This I Believe

Sonja - Hillsboro, Oregon
Entered on July 8, 2007
Age Group: 50 - 65

What I Believe

As a child, I believed I had to earn my mother’s love. I just knew if wrote about her life I would gain her approval. You see, my mother’s life wasn’t ordinary. She raised me and my five siblings in a small circus caravan in Germany. Mother hid from the Nazis in that same circus.

I grew up, married, and immigrated to the U.S. But I never lost my belief that I could make Mother love me by writing her story and letting the world know what she went through.

When she came to visit me from Germany, I started my project. I asked if she’d tell me about her youth. I listened, entranced, as Mother told the story of her life under the Nazi regime.

Her mother was Aryan, and her father Jewish. When I asked what happened to him, she wasn’t sure. He died when she was only five years old, before Hitler ascended to be Germany’s ruler.

Mother liked her Aryan step-dad. But when her mother had another daughter, this one with blond hair and blue eyes, things got bad.

“They were so proud of her,” she said. “But not of me.”

“How did you end up in the circus?” I asked.

Her Jewish boss in the fashion store she worked in disappeared one day. Mother realized things would not improve. She applied for a job with the circus and so got to leave Berlin and the Nazis.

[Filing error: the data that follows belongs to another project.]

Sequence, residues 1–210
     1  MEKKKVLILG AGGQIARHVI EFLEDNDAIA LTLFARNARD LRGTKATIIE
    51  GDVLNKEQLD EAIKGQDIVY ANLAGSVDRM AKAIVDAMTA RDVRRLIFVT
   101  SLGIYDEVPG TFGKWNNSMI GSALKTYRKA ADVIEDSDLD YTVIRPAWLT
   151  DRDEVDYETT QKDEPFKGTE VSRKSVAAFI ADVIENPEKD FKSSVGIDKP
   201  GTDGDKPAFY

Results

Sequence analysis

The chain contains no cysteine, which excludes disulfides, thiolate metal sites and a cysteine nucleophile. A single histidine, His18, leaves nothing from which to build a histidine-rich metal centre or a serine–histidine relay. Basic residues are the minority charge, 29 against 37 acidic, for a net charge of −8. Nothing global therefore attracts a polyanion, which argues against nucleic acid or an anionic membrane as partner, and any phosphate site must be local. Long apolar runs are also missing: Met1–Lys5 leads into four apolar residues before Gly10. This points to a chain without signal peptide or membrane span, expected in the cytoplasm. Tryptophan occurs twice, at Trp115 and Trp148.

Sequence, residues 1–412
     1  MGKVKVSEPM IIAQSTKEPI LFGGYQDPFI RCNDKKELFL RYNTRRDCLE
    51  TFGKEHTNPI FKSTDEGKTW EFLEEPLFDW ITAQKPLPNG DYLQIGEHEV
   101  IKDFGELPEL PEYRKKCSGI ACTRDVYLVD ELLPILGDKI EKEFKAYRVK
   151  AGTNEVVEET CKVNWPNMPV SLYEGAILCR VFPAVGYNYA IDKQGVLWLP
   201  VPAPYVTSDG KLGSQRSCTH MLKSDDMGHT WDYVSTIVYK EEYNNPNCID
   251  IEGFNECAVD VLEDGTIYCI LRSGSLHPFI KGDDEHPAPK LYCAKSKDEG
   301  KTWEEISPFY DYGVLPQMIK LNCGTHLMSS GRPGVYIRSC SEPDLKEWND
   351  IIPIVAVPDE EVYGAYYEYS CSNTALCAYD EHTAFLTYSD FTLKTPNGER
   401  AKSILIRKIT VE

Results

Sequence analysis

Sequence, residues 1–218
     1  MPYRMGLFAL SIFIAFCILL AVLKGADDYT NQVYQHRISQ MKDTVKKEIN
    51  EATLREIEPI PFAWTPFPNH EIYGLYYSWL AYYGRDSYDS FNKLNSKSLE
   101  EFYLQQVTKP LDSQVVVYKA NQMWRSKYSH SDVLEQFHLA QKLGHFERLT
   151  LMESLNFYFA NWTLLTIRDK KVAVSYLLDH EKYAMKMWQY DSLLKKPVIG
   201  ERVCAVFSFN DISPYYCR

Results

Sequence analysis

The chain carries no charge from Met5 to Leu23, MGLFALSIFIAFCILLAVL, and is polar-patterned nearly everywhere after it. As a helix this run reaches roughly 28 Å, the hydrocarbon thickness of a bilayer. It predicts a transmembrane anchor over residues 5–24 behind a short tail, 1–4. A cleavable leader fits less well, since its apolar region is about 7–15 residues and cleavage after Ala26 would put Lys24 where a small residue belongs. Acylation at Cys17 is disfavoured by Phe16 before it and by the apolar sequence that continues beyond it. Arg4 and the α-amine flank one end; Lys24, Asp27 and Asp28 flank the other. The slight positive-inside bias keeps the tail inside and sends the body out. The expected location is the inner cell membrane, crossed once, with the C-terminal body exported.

At the end of the war, the circus had a Nazi manager who gave her a choice: either become his mistress or get send to the concentration camps. With courage and help from the circus people, she outwitted the man, stayed hidden in that circus for the rest of the war, and even found her true love, my father.

As the story spilled out, I saw more in my mother than I had ever seen before; I saw a young woman who struggled to stay alive and get a measure of joy from her life, who made the wrong decisions and still lived; a girl abandoned by her family, but a girl who never gave up.

As she finished telling her story, a strange thing happened. My belief changed.

I don’t believe in earning her approval anymore. Mother had done the best she could, even with me. Now I believe in approving of her because of what she has done with her life. I see her as a human being as well as my mother, a human being who also needs to be loved, just like I do.